Common Sense on Mutual Funds

Common Sense on Mutual Funds

Common Sense on Mutual Funds

Common Sense on Mutual Funds


John C. Bogle shares his extensive insights on investing in mutual funds

Since the first edition of Common Sense on Mutual Funds was published in 1999, much has changed, and no one is more aware of this than mutual fund pioneer John Bogle. Now, in this completely updated Second Edition, Bogle returns to take another critical look at the mutual fund industry and help investors navigate their way through the staggering array of investment alternatives that are available to them.

Written in a straightforward and accessible style, this reliable resource examines the fundamentals of mutual fund investing in today's turbulent market environment and offers timeless advice in building an investment portfolio. Along the way, Bogle shows you how simplicity and common sense invariably trump costly complexity, and how a low cost, broadly diversified portfolio is virtually assured of outperforming the vast majority of Wall Street professionals over the long-term.

  • Written by respected mutual fund industry legend John C. Bogle
  • Discusses the timeless fundamentals of investing that apply in any type of market
  • Reflects on the structural and regulatory changes in the mutual fund industry
  • Other titles by Bogle: The Little Book of Common Sense Investing and Enough.

Securing your financial future has never seemed more difficult, but you'll be a better investor for having read the Second Edition of Common Sense on Mutual Funds.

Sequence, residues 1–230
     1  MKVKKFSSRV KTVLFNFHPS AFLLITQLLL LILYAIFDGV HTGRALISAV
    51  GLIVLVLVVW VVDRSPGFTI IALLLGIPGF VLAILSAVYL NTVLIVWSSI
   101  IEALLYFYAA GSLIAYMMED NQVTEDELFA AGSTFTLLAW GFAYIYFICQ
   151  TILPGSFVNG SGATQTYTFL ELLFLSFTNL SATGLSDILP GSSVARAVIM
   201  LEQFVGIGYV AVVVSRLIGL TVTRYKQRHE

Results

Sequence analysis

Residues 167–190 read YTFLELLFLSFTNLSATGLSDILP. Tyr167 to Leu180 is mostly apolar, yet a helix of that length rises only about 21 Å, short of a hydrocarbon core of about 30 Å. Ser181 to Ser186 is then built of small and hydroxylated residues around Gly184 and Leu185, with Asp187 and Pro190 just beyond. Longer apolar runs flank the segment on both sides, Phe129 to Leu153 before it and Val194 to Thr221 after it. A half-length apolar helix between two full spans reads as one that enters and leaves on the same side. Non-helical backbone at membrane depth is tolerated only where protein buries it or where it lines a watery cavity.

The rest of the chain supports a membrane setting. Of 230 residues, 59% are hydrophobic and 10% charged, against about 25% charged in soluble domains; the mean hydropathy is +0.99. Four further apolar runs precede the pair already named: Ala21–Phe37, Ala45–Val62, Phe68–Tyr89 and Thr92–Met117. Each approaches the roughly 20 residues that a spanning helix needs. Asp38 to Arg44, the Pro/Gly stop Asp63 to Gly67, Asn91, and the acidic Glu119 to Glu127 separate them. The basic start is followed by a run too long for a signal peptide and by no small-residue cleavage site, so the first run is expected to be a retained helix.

What a difference a decade can make! And in the first decade of the third millennium—the decade that followed the 1999 publication of the original edition of Common Sense on Mutual Funds—the difference was extraordinary. During the two preceding decades, the U.S. stock market had experienced the highest returns—averaging 17 percent per year—in its two-century history. During the past decade, with major bear markets in 2000–2002 and 2007–2009, stock returns turned negative on balance—minus 1.5 percent per year, one of the two lowest returns recorded for any decade during that two-century span.

Similarly, our economy moved from an era of prosperity that was long and strong to a new era of unknown length, beginning with the sharp recession of 2008–2009—now seemingly coming to a close—followed by a sober recovery in which the “new normal” of real (inflation-adjusted) economic growth will likely look more like 2 percent per year than the “old normal” of 3 percent that characterized our economy over the preceding century.

Those are just a few examples of how our world has changed. Globalization is now taken for granted. War—indeed, wars—have followed peace. Political change has been rife, as Democratic leadership has superseded Republican leadership in our federal government. Borrowing has soared to unprecedented and . . .

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